One of the traditional elements of some Eagle Scout Court of Honor programs is the description of the “Obligations of an Eagle Scout.” Over time, people have thoughtfully crafted this story to highlight five key principles of scouting that an Eagle should exemplify throughout the remainder of his life. To my knowledge, while this story is motivational and encouraging, it isn’t “official” language put out by the professional organization — in short, I’ve never seen it published in a handbook or field book.
I was recently invited to participate in a young man’s Eagle Court of Honor — to read the Obligations of an Eagle. While this wasn’t to replace his “Eagle Charge” (being delivered by his church’s Pastor) I was also invited to personalize the delivery of the traditional story.
I want to thank Michael Malone for his excellent book titled “Four Percent: The Story of Uncommon Youth in a Century of American Life” — I incorporated two paraphrased quotes from his book into the final edit, below.
The Obligations of an Eagle Scout for Peter’s ECOH:
Roughly four to five percent of all eligible scouts are recognized as Eagles. I say “recognized as Eagles” rather than “be awarded the Eagle badge” since you don’t so much earn the award as become a person described by the award. This is a fact that only the eagles in the audience and perhaps their parents will ever fully and completely appreciate. Somewhere along the scouting path a transformation occurs within the scout. He realizes that while scouting is fun, there’s a far greater reward in serving other people, doing one’s very best at all times and living a life called out by society as something odd or abnormal. To this Eagle, there’s nothing odd about embodying the scout oath and law in my daily life, but to society, well, they’ve crafted the term “boy scout” into a mocking phrase to describe someone unyielding in their devotion to doing what’s right at any and all costs.
Where the term “boy scout” may be seen as a description, “eagle scout” as a term is more of an explanation. As in “Well, he’s an Eagle scout” being used as shorthand to describe how this man, young or old, personifies the range of skills used to save a life or build a survival den or lead a team of professionals with seemingly no effort or hesitation, and in a way that delivers consistently desirable results.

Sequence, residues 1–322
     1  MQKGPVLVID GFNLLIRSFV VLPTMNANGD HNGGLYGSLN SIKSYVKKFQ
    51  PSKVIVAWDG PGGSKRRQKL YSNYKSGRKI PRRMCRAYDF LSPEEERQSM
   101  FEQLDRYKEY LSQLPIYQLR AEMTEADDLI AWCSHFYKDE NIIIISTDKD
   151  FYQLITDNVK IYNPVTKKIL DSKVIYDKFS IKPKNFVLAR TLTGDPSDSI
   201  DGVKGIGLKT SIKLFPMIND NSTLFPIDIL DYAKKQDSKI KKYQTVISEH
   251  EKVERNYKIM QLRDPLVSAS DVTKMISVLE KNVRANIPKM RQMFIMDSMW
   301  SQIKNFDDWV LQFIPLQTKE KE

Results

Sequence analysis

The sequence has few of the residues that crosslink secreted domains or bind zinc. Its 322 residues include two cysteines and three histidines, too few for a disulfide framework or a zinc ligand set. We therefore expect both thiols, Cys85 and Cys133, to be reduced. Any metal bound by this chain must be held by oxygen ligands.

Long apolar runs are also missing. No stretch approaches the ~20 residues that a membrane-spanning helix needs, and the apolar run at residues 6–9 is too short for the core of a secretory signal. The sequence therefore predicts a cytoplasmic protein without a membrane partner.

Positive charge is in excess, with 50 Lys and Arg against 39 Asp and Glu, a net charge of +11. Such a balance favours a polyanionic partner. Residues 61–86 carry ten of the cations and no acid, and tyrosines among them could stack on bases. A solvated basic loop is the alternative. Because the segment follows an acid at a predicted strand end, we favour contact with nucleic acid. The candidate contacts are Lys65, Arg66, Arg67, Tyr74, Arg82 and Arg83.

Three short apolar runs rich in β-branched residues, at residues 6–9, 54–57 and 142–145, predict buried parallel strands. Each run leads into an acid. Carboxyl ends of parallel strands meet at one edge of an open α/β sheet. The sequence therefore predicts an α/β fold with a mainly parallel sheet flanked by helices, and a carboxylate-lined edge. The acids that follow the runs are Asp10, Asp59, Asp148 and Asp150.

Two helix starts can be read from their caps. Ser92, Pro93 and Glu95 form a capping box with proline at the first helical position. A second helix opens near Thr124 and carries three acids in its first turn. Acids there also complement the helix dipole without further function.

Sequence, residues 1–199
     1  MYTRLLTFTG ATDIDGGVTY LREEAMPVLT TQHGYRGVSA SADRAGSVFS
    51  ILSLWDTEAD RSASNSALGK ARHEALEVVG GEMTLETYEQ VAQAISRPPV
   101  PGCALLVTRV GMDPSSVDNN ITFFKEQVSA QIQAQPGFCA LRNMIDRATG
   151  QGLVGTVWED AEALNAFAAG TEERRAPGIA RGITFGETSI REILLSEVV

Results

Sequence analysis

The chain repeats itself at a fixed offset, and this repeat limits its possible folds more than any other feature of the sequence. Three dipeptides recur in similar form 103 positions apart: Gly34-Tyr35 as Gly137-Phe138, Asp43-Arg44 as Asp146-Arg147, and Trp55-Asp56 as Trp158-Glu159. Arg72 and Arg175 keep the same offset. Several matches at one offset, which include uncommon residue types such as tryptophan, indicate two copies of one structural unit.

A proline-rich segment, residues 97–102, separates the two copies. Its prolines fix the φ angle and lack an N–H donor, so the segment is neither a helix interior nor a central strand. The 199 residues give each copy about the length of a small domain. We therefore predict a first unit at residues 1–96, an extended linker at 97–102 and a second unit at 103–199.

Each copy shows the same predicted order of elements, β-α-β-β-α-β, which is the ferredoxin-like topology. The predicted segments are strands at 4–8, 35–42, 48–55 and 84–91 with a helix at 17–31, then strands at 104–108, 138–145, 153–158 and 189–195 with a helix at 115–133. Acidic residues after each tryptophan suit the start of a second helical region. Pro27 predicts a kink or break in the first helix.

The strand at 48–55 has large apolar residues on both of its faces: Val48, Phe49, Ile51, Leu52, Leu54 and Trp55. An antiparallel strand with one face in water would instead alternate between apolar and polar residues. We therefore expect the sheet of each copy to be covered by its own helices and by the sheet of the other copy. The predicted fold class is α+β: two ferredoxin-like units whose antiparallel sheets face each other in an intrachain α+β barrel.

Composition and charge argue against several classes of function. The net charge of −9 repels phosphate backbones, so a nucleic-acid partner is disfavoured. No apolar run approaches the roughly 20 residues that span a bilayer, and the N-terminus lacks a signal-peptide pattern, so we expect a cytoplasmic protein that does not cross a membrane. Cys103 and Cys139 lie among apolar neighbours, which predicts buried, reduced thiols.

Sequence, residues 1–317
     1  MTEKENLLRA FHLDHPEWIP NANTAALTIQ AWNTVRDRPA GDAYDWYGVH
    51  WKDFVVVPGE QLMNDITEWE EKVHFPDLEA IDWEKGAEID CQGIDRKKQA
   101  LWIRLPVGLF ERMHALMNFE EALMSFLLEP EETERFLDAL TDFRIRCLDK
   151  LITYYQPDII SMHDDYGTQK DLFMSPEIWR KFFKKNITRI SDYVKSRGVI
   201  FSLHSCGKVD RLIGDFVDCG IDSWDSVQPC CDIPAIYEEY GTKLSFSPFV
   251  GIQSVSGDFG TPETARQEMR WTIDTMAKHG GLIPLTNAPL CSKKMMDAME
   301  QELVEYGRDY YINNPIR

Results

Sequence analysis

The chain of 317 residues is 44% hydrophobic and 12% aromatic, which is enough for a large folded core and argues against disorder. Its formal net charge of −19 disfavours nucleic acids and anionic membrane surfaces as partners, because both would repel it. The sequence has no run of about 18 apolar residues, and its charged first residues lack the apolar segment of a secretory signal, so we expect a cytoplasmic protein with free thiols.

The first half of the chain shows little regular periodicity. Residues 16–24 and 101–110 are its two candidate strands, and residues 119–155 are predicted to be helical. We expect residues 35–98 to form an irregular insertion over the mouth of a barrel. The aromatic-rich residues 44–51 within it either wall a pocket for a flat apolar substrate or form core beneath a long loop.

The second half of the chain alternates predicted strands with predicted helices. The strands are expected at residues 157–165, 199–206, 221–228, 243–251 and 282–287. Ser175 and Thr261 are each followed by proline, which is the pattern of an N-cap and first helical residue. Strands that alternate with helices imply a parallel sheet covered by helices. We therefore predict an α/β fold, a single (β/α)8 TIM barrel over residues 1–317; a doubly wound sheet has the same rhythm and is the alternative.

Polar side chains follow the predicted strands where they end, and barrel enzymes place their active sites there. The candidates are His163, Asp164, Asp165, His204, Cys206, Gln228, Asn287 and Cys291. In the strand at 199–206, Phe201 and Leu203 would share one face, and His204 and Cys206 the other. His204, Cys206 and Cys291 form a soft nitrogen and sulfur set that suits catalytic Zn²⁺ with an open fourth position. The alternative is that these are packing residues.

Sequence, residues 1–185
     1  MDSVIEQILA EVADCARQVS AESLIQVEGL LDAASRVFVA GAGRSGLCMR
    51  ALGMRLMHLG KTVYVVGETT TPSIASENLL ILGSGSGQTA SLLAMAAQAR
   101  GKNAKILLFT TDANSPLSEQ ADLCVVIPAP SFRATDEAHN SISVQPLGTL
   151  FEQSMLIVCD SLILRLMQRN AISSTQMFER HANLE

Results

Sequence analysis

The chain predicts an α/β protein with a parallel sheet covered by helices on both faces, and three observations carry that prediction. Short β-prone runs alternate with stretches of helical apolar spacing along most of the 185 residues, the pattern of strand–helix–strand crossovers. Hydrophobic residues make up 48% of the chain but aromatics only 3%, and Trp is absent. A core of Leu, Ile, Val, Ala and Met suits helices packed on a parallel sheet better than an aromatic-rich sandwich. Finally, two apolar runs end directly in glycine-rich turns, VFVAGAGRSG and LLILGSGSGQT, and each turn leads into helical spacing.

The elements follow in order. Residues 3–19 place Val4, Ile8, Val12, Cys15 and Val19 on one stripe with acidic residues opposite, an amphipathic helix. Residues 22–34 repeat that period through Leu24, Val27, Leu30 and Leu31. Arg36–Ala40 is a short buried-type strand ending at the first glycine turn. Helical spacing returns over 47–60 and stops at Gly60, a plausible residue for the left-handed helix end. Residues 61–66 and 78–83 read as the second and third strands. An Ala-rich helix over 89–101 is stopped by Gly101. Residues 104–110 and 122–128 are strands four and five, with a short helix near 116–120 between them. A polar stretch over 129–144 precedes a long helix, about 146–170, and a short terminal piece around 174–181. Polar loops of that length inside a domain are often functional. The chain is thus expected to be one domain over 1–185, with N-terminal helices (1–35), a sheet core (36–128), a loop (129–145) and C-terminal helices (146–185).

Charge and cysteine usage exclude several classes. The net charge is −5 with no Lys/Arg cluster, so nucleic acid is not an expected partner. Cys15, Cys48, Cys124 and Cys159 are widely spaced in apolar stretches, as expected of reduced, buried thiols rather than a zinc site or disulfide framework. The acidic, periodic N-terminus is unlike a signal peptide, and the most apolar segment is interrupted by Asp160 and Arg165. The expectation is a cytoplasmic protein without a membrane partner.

The Obligation of an Eagle Scout is simply to never stop being an Eagle Scout. In fact, we have a saying; “Once an Eagle, Always an Eagle”.
Peter, between you and me, it can seem a daunting challenge – we’re called to a lifetime of assumed responsibility and perpetual risk of failure and consequential humiliation. You see, when someone breaks their arm, needs their luggage lashed to the roof of their car or some other obscure service, they look to the Eagle Scout to fix the problem, tend the wound or otherwise save them. This happens whether we’re feeling ready to jump in at that moment or not. After all, if we fail, it’s not just our personal failure, but it reflects on all Eagles everywhere. But take heart, Peter, it’s worth the risk because as Eagles we’ve conditioned ourselves to live by the motto “Be Prepared” and all the other ideals learned in scouting.
Tonight, I want to call your attention to five key principles, commitments or obligations we’ve mastered in scouting which will see our way through just about anything day-to-day living may throw at us.
First, an Eagle is committed to live with honor. He is someone whose standards are the highest. He knows he’s not perfect, and may make mistakes, but he focuses on striving to do what’s right and won’t ever give up. His honor is rooted in purity and we connect this concept to the “white stripe” in the eagle badge.